Nautilus rockets 27% as investors speculate on what's next for seabed mining
Nautilus Minerals (TSX/AIM:NUS) shot up 26.8% to $0.355 in heavy volumes on Monday as investors speculated about the future of the embattled company after it decided to stop working on specialized seabed mining equipment for its Papua New Guinea gold-silver-copper project.
"We were paying for it all ourselves and it was becoming too costly," Mike Johnston, interim president and CEO Johnston told SciDev.Net. "We were at an expensive stage of the build. We were spending US$3 million or US$4 million a week. For a company of our size, we couldn't continue to pay for that ourselves."
The Toronto-based company has run into serious troubles at its flagship project off the Papua New Guinea coast, most recently with the departure of a long-time CEO, layoffs and a petition landowners sent to the PNG government to cancel the firm’s seabed mining permit.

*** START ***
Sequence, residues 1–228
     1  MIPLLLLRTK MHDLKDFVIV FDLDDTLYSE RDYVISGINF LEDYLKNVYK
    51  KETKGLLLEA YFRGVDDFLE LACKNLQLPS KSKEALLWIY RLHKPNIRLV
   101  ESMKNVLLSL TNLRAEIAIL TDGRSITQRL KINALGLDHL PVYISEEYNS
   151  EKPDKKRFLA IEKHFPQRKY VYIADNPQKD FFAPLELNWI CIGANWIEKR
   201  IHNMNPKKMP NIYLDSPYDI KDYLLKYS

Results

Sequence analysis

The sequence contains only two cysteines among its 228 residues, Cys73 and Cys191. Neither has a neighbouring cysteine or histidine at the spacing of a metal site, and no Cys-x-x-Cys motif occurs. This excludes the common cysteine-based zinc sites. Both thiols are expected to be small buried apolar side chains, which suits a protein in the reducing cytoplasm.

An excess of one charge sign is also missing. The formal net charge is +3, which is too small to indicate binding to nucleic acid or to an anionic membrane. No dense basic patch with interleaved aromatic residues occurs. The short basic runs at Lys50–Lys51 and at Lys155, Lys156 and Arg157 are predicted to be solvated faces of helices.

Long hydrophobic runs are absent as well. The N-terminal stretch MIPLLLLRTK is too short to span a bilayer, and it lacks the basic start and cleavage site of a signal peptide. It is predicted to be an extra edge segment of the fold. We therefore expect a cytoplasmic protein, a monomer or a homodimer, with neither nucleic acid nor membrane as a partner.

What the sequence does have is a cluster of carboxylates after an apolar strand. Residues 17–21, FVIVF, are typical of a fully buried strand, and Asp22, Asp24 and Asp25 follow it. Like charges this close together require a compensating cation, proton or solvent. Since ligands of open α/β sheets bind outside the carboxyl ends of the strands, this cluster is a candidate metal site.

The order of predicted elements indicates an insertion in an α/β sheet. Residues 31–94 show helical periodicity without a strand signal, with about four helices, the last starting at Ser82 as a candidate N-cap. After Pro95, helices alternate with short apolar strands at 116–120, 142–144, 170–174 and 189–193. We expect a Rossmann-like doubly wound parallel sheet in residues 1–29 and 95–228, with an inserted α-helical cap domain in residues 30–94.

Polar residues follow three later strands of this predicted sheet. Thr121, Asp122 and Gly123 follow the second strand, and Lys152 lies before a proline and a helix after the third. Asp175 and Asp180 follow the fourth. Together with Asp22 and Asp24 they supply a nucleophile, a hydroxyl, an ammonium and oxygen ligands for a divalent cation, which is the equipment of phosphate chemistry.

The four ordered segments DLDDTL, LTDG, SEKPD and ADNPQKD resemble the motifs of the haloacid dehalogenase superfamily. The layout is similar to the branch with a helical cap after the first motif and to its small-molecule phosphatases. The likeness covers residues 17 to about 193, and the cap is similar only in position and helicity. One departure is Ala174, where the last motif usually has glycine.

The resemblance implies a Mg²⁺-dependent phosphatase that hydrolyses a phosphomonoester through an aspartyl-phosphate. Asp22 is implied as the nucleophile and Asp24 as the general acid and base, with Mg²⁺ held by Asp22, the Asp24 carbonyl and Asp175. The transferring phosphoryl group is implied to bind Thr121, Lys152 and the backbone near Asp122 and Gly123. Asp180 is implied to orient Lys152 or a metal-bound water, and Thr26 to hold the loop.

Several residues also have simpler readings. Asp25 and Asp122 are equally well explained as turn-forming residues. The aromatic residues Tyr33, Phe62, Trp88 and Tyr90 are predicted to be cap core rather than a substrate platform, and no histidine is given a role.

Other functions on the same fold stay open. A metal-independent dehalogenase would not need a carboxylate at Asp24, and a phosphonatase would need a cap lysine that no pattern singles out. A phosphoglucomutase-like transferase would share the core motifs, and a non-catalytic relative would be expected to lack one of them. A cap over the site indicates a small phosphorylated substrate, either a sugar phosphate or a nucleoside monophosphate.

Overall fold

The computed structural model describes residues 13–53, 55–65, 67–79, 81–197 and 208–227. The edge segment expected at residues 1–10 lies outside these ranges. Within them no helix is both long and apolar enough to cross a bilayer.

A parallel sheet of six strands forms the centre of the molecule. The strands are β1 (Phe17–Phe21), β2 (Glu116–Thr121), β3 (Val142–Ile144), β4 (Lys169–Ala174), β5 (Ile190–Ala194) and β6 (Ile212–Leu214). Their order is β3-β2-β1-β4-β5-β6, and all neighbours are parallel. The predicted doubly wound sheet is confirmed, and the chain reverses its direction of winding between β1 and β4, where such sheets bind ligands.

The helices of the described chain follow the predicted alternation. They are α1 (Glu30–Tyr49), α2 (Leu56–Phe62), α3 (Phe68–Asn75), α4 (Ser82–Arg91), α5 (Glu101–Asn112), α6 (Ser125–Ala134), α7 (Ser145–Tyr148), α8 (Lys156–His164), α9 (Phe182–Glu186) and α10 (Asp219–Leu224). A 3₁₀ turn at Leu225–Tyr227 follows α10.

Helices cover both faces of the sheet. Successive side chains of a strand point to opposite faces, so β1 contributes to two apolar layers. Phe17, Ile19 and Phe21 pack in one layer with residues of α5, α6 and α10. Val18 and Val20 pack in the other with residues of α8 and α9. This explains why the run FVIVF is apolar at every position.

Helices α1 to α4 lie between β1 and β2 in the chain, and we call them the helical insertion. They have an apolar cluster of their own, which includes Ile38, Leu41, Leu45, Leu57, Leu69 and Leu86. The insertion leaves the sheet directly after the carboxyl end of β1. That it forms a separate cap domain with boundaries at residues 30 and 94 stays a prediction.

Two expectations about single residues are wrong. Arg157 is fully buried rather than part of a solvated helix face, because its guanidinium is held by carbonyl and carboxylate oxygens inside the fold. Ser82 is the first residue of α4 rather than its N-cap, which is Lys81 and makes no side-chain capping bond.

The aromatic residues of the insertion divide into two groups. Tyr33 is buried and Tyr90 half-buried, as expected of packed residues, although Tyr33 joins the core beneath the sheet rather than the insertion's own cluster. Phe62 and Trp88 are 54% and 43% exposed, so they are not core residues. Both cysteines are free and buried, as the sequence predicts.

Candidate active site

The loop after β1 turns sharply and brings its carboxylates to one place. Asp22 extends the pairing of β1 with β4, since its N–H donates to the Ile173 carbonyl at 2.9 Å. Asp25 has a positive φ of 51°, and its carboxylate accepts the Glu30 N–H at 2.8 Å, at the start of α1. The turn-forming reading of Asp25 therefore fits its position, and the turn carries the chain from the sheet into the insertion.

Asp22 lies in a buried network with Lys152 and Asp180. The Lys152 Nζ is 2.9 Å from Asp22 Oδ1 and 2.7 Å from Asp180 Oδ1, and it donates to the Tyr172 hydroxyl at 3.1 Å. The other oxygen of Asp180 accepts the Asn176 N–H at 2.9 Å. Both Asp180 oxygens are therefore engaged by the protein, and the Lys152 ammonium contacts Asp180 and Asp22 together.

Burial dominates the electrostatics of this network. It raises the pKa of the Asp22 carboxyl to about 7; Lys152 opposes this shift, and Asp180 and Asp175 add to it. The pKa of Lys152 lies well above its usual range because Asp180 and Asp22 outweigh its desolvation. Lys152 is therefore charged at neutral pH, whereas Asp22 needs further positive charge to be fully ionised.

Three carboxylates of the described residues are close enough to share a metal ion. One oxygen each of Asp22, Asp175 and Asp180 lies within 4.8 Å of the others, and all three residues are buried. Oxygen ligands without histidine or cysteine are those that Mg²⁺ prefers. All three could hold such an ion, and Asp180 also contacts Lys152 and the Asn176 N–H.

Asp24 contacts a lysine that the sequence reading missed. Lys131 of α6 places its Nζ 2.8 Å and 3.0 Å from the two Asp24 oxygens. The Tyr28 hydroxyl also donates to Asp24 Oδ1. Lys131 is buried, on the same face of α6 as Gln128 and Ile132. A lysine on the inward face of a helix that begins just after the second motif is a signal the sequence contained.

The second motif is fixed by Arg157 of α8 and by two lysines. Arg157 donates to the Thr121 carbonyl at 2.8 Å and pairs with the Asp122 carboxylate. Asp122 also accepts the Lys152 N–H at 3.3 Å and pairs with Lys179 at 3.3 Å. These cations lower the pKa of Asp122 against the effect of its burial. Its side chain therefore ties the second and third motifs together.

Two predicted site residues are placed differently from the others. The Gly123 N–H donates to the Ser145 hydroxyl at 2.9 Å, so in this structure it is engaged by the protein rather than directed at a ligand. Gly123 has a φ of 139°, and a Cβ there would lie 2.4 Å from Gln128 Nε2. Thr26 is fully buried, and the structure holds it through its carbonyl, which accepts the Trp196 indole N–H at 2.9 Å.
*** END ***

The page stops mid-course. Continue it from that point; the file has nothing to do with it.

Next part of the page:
The company's Solwara project – what would be the world's first seabed mine – is already half built and was slated to begin production in the fourth quarter of 2013, but a dispute with the PNG government over ownership and funding issues with its partners building a surface vessel for the operation have the put the project on ice.
Shareholders in Nautilus – even after today's jump worth only $84 million on the Toronto big board – have seen the value of their investments evaporate by more than 80% since the company initiated a legal battle on June 1 over the copper-gold-silver project in the Bismarck Sea and the troubles with its German shipbuilders.
Nautilus also owns vast exploration tracts in the central Pacific Ocean and in September announced it has found nodules that occur in 4,000 and 6,000 meter deep waters that contain significant grades of manganese, nickel, copper and cobalt.
Nautilus said at the time the regulatory framework the International Seabed Authority has put in place since 1994 and what the company terms "reduced social disturbance" due to the nature of deep water mining versus "large land based resource developments" counts heavily in favour of this project, to be managed through a 100%-owned Tonga subsidiary.